Business Venture Blog
This is where we post about business, ventures, law, and business venture law.
Anything interesting, really.
Anything interesting, really.
What is an Escrow Agreement?
Often, the founders of a start-up will be issued stock at the same time notwithstanding one of the founder’s main contribution occurring in the future. However, if the founder has already received the shares, he or she might not be incentivized to satisfy his or her obligations. This blog will describe how an escrow agreement may ameliorate some of the problems resulting from these arrangements.
(2) What is an Escrow Agreement
An escrow agreement is a legal document defining the arrangement by which one party deposits shares with a third-party, an escrow agent. The Escrow Agent will release the shares to the beneficiary upon the beneficiary satisfying specific terms and conditions outlined in the escrow agreement.1
By depositing the shares with an escrow agent, all the founders can rest assured the beneficiary will not receive the shares unless he or she has satisfied the obligations under the escrow agreement.
A founder receiving shares without having contributed to the business raises several issues. Firstly, it may cause resentment amongst the founders. This resentment might impede founder productivity or result in the founders sabotaging the business. Secondly, outside investors are often hesitant to invest in businesses if they perceive a shareholder is not contributing to the company. In this regard, it is important to distinguish growth companies from publicly traded companies which have many inactive shareholders. Thirdly, this may result in a hold-out risk. If the founder possesses enough shares, he or she may impede the other founders from making important decisions on how to grow the company.
Examples of Situations Where an Escrow Agreement Would Have Been Useful
The following are some examples of where an escrow agreement could be useful.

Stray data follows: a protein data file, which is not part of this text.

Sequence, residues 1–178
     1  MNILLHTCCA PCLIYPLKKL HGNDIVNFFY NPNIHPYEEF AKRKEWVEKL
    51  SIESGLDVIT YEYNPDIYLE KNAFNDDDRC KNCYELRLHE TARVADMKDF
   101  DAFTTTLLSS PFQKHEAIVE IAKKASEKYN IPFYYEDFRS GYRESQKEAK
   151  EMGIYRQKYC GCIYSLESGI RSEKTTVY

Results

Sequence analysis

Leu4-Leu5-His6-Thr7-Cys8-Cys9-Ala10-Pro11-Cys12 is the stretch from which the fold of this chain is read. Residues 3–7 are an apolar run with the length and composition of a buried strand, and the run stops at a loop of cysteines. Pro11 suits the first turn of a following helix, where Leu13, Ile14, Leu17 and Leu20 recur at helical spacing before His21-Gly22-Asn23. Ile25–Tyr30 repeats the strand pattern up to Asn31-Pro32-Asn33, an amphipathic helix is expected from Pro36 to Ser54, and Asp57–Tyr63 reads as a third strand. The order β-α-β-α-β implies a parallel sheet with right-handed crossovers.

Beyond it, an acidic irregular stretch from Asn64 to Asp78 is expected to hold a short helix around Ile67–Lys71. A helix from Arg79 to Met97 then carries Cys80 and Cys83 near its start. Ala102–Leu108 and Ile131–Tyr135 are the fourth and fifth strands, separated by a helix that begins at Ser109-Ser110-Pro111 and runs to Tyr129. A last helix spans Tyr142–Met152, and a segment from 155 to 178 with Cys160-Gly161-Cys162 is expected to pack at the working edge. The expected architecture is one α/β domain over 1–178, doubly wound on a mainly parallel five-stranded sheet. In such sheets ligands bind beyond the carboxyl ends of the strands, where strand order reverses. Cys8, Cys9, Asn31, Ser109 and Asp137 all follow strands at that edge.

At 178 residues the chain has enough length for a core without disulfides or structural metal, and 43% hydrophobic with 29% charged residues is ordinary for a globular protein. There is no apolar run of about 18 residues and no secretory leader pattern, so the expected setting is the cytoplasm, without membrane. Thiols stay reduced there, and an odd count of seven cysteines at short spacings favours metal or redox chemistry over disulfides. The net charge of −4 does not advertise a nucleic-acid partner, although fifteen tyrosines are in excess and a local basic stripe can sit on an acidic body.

Firstly, changes in business plans may render the founder’s contributions superfluous.2 The risk of a business having to change its business model should not be underestimated. For example, Blockbuster started out with a compelling business model. Its value proposition was clear – enabling consumers to watch hit movies in the comfort of their homes.3 However, ultimately Blockbuster failed because they failed to adequately adopt their business model to compete with Netflix.4
Secondly, the founder may quit the company, or choose to dedicate his or her time to other ventures, upon receiving shares within the growth company. This is not unheard of. For example, Facebook founder Eduardo Saverin opted to commit his time to develop Joboozle rather than Facebook.5 In turn, Mark Zuckerberg chose to dilute his shares, and costly litigation ensued.6
Thirdly, the founder may be ineffective. Although the founder may look impressive on paper, his or her skills may be ineffective in that industry. For example, Apple chose John Sculley to replace Steve Jobs as the CEO of their company. Mr. Sculley had developed an impressive marketing resume during his time with Pepsi Co. However, Mr. Sculley knew little about marketing computers.7 When Steve Jobs returned to Apple, the company was on the brink of failure.8
In conclusion, an escrow agreement can be a useful legal tool for those wishing to start a growth company. It is particularly useful if one of the founder’s main contribution to the growth company does not come till after the business is formed.
Sunny Uppal is a member of the BLG Business Venture Clinic, and is a 3rd year student at the Faculty of Law, University of Calgary.
2 Bryce C Tingle, Start-Up and Growth Companies in Canada, LexisNexis Canada Inc. 2018 at p 110.
3 Saul Kaplan, Business Model Innovation: How to Stay Relevant When the World is Changing (John Wiley & Sons, 2012) at p 5.
4 Ibid at p 9.